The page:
UP awarded status as MRC collaborative centre for malaria research

The Medical Research Council (MRC) invited higher education institutions, science councils and registered non-profit research organisations in South Africa, Zimbabwe and Mozambique to submit applications to become part of their new initiative, MRC Collaborating Centres for Malaria Research. The University of Pretoria’s Centre for Sustainable Malaria Control (UP CSMC) recently received word that their application has been successful. The network of MRC collaborating centres for malaria research will collectively provide a multidisciplinary approach to malaria research; synergise efforts on malaria research to achieve common goals; and facilitate scientific collaboration among malaria researchers in Southern Africa.

The collaborating centres involved in the initiative will receive an annual core grant for an initial period of three years and will become members of the MRC network for malaria research. The UP CSMC, in particular, will receive funding from the MRC to further develop the infrastructure that will enable it to continue to engage in cutting-edge research on innovative vector control methods that are safe and effective. In addition, institutions selected to form part of the initiative will be given a preferential opportunity to participate in national multicentre studies based on the priorities defined in the MRC’s national malaria research plan.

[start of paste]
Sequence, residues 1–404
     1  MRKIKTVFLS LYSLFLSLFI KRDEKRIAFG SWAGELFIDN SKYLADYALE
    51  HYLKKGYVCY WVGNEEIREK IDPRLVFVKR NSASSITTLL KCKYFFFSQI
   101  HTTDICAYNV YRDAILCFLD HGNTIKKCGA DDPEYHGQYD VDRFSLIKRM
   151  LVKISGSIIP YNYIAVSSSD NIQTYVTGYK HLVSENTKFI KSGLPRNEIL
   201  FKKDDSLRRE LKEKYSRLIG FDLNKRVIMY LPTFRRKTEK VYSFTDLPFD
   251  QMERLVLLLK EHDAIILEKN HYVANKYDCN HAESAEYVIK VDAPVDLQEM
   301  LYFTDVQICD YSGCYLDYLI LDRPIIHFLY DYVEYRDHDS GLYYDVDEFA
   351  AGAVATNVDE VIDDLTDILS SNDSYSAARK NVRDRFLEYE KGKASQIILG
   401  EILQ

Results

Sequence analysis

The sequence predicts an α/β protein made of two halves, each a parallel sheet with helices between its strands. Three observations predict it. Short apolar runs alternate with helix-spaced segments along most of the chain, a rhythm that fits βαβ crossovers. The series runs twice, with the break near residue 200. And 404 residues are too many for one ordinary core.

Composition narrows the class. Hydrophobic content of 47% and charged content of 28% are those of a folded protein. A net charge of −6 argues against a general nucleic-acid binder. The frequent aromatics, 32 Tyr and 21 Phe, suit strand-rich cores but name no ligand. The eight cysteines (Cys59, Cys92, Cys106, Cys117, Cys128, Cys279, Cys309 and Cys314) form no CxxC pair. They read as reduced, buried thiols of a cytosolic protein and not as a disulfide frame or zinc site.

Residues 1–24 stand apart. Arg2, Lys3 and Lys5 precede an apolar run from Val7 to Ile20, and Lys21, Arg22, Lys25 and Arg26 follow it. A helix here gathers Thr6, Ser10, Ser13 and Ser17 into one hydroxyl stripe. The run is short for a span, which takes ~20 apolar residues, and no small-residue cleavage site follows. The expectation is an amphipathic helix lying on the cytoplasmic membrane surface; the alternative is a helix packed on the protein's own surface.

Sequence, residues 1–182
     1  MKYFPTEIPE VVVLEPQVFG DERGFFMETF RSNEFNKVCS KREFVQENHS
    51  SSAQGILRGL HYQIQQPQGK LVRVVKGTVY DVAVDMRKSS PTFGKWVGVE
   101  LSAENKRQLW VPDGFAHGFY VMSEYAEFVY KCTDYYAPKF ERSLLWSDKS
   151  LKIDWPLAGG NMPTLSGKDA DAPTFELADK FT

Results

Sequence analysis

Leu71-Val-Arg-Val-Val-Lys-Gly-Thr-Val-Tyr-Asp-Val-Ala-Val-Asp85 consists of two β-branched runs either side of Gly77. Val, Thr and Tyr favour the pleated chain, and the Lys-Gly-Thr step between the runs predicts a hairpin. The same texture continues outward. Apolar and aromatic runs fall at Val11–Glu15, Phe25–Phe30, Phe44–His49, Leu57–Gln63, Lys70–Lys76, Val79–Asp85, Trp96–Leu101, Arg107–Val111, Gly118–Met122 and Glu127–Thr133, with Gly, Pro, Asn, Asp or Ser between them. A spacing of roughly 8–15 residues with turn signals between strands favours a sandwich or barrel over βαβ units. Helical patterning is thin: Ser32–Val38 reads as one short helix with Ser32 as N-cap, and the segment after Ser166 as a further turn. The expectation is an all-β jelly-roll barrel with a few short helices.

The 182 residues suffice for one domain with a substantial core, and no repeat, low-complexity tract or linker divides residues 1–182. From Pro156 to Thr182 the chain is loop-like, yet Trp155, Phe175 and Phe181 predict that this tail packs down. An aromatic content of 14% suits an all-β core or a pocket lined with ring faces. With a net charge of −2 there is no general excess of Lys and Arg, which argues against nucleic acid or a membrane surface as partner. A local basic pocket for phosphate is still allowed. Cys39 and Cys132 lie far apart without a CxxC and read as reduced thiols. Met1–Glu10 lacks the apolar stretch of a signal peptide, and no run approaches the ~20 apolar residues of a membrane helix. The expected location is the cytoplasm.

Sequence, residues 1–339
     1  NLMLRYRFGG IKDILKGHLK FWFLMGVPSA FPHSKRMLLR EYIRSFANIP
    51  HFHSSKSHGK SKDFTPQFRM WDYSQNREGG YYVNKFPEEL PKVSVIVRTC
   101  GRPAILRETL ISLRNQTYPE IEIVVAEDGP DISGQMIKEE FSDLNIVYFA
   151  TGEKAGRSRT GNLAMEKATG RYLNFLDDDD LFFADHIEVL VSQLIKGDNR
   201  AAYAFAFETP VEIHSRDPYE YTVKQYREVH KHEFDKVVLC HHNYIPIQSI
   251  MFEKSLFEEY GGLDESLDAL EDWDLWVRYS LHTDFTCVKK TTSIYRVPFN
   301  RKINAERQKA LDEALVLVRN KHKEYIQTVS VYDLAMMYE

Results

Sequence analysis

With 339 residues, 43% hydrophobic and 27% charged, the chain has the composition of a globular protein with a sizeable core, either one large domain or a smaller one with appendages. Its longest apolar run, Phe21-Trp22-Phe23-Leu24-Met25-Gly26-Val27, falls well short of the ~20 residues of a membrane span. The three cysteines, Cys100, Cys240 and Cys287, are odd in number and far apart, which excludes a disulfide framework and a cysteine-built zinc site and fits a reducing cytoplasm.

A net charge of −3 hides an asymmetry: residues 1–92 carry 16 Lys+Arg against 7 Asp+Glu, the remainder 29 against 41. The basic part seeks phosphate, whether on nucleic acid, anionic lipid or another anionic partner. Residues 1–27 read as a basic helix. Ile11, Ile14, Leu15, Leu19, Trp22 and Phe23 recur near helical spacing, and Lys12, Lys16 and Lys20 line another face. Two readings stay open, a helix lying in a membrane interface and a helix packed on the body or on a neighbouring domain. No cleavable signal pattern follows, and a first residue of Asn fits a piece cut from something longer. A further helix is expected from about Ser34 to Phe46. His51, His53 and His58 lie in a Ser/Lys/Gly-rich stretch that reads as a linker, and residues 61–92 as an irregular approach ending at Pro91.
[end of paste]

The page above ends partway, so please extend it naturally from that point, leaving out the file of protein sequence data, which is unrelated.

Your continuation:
‘To get the status of an MRC collaborating centre is not only recognition at the highest national level, but is also giving credibility to the researchers, and opening up international opportunities’, says Prof Tiaan de Jager, Deputy Dean: Research, Faculty of Health Sciences at UP and Director of the UP CSMC.

The UP CSMC has pioneered research on a range of methods for sustainable malaria control – from the biochemical and the biological to the chemical and the physical. Current research in the Centre focuses on how best to manage these methods at a transdisciplinary level. Community involvement and education are addressed as part of health promotion and there is a commitment to change affected communities’ behaviour towards malaria. Environmentally friendly ways of delivering chemicals for malaria prevention are among the novel ideas being explored. The focus of the UP CSMC is safer malaria control and management.

Southern African countries, such as South Africa, Namibia, Botswana and Swaziland, which are situated on the fringe of malaria transmission in Africa, have all seen a reduction in malaria cases over the last decade; in fact, most of these countries now meet the pre-elimination criteria of the World Health Organisation (WHO) and are set to eliminate malaria by 2018. That being said, a lot of work still needs to be done towards eradicating the disease completely, but through education and research into new and innovative methods of fighting the disease we can imagine a day when the whole of Southern Africa will be malaria-free.

Story by: Ansa Heyl, UP News, University of Pretoria